For nominal donation you can enter the cold spring water and partake in the holy water blessing. Natalie enjoyed the blessing waters. I have since seen some concerns posted about the water quality, so think before you drink. We didn’t experience any problem.
Located at the slope of Agung Volcano (Active) the biggest and most important temple in Bali, often called "Mother Temple".
To the Balinese, visiting the temple sanctuaries of Besakih is a special pilgrimage. Mount Agung’s high location gives it an almost mystical quality. Many stairs lead up to the sacred mountainside, leading to the many temples that vary according to types, status, and functions. Pura Besakih features 3 main temples dedicated to the Hindu trinity. Pura Penataran Agung in the centre has white banners for Shiva, the destroyer; Pura Kiduling Kreteg to the right features red banners for Brahma, the creator; and Pura Batu Madeg represents Vishnu, the preserver, with its black banners. You can visit many other smaller temples in Pura Besakih, but many of their inner courtyards are closed to the public as they’re reserved for pilgrims for prayers. Pura Besakih is the only temple open to every devotee from any caste groups. This is due to its role as the primal centre of all ceremonial activities.
We left the green rice paddies behind and headed to the north east shores where the pace is laid back and the focus is on diving and snorkeling. There are no big hotels and resorts up here but you can find some great gems like our clifftop villa on the outskirts of Ahmed which had an adjacent quiet beach with great snorkeling and a swing. The beach is black sand and lined with traditional Balinese jukung boats.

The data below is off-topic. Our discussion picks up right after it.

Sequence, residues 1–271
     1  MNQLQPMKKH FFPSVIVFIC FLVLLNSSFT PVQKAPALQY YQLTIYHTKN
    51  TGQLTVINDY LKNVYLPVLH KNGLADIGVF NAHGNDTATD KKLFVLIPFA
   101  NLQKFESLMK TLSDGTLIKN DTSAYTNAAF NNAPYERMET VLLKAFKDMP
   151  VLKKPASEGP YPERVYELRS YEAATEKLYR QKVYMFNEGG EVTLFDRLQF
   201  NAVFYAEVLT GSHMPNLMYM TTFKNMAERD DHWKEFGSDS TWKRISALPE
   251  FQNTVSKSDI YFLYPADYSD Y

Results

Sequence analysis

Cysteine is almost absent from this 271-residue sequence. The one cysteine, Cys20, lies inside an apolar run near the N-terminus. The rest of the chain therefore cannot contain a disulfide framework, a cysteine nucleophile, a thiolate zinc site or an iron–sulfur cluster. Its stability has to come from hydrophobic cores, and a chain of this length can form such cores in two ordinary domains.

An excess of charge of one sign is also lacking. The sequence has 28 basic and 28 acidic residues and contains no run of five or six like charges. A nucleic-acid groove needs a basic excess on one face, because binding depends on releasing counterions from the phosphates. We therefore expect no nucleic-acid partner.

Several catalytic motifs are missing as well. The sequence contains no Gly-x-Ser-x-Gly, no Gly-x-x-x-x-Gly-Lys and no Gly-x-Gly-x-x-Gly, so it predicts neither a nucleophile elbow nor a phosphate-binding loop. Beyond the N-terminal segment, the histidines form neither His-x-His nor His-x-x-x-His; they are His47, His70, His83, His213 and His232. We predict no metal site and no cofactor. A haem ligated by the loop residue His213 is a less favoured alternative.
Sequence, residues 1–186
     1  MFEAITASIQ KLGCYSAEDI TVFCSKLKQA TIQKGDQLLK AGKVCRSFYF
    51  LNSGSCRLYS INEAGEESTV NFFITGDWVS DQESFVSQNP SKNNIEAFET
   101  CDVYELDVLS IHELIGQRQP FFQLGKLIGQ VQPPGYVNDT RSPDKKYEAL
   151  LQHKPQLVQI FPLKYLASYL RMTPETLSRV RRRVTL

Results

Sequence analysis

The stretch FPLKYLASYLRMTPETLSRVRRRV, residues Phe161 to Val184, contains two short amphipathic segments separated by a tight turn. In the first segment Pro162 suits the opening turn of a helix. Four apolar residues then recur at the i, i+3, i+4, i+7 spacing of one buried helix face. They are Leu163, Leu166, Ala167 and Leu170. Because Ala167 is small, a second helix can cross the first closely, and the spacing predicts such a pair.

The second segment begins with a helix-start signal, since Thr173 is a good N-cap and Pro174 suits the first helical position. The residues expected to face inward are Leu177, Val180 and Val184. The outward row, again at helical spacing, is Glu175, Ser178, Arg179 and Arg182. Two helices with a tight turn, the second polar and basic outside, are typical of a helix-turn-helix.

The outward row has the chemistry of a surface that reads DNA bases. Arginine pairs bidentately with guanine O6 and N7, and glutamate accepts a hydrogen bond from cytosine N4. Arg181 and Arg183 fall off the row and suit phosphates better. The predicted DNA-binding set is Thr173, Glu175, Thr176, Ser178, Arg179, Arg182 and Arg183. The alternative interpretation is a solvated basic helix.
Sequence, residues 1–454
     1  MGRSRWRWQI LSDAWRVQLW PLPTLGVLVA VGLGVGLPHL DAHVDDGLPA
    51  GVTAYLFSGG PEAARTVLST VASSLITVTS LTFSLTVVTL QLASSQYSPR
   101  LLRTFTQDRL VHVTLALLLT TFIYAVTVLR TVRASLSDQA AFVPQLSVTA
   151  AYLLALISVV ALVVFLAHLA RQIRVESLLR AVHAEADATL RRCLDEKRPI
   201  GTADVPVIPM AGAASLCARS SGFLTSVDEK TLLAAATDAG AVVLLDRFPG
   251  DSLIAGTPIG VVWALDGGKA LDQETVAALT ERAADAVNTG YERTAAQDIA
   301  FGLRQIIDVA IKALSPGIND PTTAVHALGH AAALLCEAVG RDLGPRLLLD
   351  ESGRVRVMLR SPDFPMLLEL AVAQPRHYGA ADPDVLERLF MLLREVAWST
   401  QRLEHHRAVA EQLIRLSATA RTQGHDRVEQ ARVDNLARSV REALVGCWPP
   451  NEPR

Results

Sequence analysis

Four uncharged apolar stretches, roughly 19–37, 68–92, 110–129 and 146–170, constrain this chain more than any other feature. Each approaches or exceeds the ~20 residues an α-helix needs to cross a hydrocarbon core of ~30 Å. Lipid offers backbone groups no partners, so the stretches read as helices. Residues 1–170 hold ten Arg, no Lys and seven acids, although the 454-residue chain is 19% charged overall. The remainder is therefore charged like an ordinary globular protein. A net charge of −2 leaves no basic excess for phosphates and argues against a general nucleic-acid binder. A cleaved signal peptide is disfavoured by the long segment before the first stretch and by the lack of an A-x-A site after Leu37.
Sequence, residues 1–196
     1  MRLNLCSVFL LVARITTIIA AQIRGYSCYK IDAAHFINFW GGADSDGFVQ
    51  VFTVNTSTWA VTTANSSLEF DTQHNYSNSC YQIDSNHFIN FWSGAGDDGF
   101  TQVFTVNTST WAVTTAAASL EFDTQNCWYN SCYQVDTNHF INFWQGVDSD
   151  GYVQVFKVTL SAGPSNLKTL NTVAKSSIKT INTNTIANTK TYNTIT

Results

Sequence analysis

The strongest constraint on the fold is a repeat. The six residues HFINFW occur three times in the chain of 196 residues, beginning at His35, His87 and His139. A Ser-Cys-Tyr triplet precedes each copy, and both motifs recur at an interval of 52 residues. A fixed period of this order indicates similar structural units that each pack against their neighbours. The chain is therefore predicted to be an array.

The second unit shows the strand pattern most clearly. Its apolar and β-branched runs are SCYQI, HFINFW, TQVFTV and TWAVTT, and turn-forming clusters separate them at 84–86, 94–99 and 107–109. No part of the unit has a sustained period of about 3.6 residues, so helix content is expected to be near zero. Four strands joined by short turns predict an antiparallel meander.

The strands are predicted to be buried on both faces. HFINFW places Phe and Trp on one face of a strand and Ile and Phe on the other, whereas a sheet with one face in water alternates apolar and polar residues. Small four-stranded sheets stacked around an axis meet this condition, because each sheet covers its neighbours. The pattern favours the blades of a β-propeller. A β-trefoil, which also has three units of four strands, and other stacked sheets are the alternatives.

The main attraction at nearby Tulamben is the wreck of the USS Liberty which was sunk by the Japanese in WWII. The ship was beached after it was hit but later sank beneath the waves during an earthquake. An early morning shore dive is the best way to experience the wreck with its abundant sea life.
Snorkeling at Ahmed
For close to $50 we rented one of the local jukung sail boats (with motor) with 2 crew for some snorkeling and ending with a sunset sail back to our home beach. The crew knew the best snorkeling spots and took us down the coast a little ways to a spot with a small sunken temple teaming with marine life.
Lempuyang Temple a Gate of Heaven - is one of six most important temples in Bali, has been believed to be a very sacred temple by Balinese people. It is located on the slope of Mount Lempuyang 600 metres (2,000 ft) high above sea level. According to Balinese beliefs, they are the pivotal points of the island and are meant to provide spiritual balance to Bali. In the Hindu religion this temple is to represents the direction of east (purwa) associated with the domain of the god Iswara. The temple itself is divided into three segments that are called as Tri Mandala. It is outside area (Nista Mandala), middle part (Madya Mandala) and inner main part (Utama Mandala).
Along the stairs then you can feel the the real spiritual vibrancy of the temple. From here you can see Mount Agung the highest volcano in Bali very close. Very popular Instagram spot for taking an amazing picture on the gate of heaven with the background of Mt. Agung...but expect a long Que….couple of hour wait for the photo opp! The trick (done with a mirror in front of your phone lens) makes it look like there’s a placid pond in front of you reflecting your image. We used this trick at some other locations that had no queue…because our Guide knew where to go.